Surprising results came from a study of lottery-winners and Paraplegic: though the former rated themselves as happy upon their change in fortune, and latter considered themselves devastated after their misfortune, things changed in the months ahead. Six months later there was no significant difference in happiness between the two groups. How is it that events like these can have little impact on our mental well-being in the long run? Where can happiness be found if it is not in material things.
Our brains are not designed to be constantly stimulated by any emotion, whether it is positive or negative. What we need is normal happiness to survive on a scale of well-being. When a change occurs such as winning the lottery or acquiring a new possession, we adapt to that feeling of happiness and we consider it to be the new average. The surge of happiness from people having more money or a new gadget is short lived. Soon that feeling is no longer out of the ordinary, and we don’t feel happy anymore. Wether it Is winning the lottery or becoming a Paraplegic or any other change in well-being, eventually we will adjust to the situation.
Despite this reality, when we have to deal with material thing we almost always overestimate the effect a certain event or outcome will have on our overall happiness. We are all working to achieve happiness but, we prioritize incorrectly. The idea of greater wealth must lead to greater happiness, we prioritize money-making endeavors over all else, when in fact things such as taking a walk in nature or spending time with friends and family, will lead to true happiness more than superficial wealth.
Yes, we all need to work to provide for our families. But if we work our lives away or true source of happiness fades away or suffers. We should have a balance between The Lord, Our Families and work.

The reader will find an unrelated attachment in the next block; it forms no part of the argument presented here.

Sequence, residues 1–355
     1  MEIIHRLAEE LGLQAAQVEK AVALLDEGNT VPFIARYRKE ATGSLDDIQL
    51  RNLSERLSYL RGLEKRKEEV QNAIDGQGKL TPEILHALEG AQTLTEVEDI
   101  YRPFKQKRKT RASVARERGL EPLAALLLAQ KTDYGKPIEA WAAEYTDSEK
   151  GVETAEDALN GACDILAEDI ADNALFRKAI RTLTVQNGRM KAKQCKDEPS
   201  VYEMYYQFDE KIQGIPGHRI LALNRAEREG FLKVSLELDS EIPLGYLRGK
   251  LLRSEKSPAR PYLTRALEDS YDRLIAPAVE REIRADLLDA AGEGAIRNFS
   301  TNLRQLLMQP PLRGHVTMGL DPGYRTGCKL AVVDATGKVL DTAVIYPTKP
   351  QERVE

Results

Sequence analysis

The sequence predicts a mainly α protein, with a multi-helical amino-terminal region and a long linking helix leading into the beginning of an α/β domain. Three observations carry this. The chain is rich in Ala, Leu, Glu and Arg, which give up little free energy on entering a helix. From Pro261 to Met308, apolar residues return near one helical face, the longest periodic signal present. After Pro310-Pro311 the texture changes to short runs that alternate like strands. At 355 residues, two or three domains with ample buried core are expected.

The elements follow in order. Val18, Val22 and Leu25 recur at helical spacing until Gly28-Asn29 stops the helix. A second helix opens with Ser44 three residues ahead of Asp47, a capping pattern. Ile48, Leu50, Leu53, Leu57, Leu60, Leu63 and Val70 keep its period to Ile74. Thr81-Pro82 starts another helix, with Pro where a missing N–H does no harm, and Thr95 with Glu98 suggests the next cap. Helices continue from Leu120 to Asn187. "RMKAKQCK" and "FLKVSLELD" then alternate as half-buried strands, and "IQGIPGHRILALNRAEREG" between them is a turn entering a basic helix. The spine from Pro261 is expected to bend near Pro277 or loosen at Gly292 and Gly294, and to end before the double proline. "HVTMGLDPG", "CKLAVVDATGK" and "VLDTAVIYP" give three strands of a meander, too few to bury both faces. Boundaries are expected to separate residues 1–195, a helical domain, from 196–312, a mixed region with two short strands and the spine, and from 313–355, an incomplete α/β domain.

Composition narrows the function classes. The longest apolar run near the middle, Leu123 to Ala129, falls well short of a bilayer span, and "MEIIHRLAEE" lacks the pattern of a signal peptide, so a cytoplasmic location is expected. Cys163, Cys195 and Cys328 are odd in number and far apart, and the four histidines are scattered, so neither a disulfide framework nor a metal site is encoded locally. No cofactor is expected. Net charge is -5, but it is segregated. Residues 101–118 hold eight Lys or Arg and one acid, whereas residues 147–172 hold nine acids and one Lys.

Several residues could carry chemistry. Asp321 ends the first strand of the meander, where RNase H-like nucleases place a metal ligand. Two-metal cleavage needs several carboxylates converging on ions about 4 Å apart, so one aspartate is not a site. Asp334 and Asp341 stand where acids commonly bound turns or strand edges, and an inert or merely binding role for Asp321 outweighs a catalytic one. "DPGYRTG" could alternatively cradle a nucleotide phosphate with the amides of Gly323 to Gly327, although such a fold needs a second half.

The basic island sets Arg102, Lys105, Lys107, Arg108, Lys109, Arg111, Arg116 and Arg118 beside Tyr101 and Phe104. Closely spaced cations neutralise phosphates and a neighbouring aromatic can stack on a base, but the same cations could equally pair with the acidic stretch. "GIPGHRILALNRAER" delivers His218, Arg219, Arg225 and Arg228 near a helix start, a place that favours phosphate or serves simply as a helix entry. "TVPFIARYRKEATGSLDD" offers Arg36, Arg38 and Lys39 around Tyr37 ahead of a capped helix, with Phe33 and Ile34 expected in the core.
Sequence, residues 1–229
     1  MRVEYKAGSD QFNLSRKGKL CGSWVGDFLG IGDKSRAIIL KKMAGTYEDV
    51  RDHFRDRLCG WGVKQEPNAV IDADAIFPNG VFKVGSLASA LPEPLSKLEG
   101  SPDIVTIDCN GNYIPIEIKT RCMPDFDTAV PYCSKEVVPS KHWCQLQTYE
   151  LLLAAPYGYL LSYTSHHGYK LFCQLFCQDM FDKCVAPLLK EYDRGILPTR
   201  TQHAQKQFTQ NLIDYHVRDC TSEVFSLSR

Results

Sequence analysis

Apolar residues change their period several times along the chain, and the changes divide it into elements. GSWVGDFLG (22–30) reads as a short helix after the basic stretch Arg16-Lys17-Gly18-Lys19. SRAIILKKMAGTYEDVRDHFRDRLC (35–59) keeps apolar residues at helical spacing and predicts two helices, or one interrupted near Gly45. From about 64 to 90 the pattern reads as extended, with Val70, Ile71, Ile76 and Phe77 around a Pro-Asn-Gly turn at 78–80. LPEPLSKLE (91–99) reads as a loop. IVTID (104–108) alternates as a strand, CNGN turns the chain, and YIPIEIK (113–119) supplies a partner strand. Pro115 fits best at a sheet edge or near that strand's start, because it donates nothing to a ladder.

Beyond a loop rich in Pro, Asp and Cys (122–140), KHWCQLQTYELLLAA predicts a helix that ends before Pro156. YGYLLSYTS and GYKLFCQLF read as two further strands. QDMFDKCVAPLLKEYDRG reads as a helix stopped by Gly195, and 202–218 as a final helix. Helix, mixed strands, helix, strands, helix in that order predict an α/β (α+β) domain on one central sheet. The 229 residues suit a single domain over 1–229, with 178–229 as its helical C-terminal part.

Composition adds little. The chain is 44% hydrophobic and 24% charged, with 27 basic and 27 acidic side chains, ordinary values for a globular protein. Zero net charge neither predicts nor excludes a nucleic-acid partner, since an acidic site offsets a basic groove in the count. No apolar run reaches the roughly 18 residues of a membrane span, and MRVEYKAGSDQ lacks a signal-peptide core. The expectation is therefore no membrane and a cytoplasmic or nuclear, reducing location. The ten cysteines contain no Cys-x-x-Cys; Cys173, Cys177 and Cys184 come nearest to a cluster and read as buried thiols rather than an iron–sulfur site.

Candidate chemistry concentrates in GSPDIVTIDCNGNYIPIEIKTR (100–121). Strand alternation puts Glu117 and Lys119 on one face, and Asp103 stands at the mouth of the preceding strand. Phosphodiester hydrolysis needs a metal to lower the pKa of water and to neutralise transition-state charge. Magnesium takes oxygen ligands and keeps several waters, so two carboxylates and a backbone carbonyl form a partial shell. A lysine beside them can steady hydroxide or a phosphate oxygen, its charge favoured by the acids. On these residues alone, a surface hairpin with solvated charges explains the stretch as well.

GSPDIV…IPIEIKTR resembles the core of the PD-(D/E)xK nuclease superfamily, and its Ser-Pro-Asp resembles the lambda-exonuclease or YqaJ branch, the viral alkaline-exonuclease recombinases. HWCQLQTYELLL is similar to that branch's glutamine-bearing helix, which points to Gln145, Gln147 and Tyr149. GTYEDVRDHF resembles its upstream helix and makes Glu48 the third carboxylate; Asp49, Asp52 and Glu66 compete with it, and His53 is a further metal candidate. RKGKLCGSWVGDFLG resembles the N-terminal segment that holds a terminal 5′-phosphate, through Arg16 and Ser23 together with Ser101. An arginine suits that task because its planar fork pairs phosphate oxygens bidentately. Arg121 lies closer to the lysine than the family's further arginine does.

So why is it that we think money will make us happy? This is a misconception, though increased wealth is associated with increased wealth is associated with increased happiness to a certain point. People who can afford to have the shelter of a house are generally happier than people on the streets, this changes after once someone has reached the level of wealth in which they don’t have to worry where their next meal is coming from. Income does not makes substantial difference in overall mental well-being.
The Grass Is Always Greener On The Other Side
Too often we find ourselves working not for personal improvements, but instead measuring ourselves against those around us, and using the well-being of others to determine how well off we are. I took a class on sociology when I was in college and learned this comparison of others and consequent judgement of self in know as relative deprivation and it is very detrimental to happiness. The effect of relative deprivation, comparing your own feelings and actions of others-is that you believe you are much worse off than your neighbor and you deserve more than you have.
We are not supposed to be jealous or compare ourselves to anyone. It only takes away our happiness.
God made us all different for a reason. In proverbs 14:30 it says “A heart at peace give life to the body, but envy rots the bones.” Mark 7:21-22 “ For from within, out of the heart of men, proceed the evil thoughts, fornication, thefts, murders, adulteries, deeds of wickedness, as well as deceit, sensuality, and envy, slander, pride and foolishness.
How can we have happiness If it takes all of this to make us successful. Trying to be like someone else, we eventually lead us here.
I am happy knowing, I live a happy life with what I have, I can pay my bills, I have a vehicle to drive, and know I have a little extra to help my children or someone else if they need it.
Where do you find your true happiness. Are you looking in the wrong place?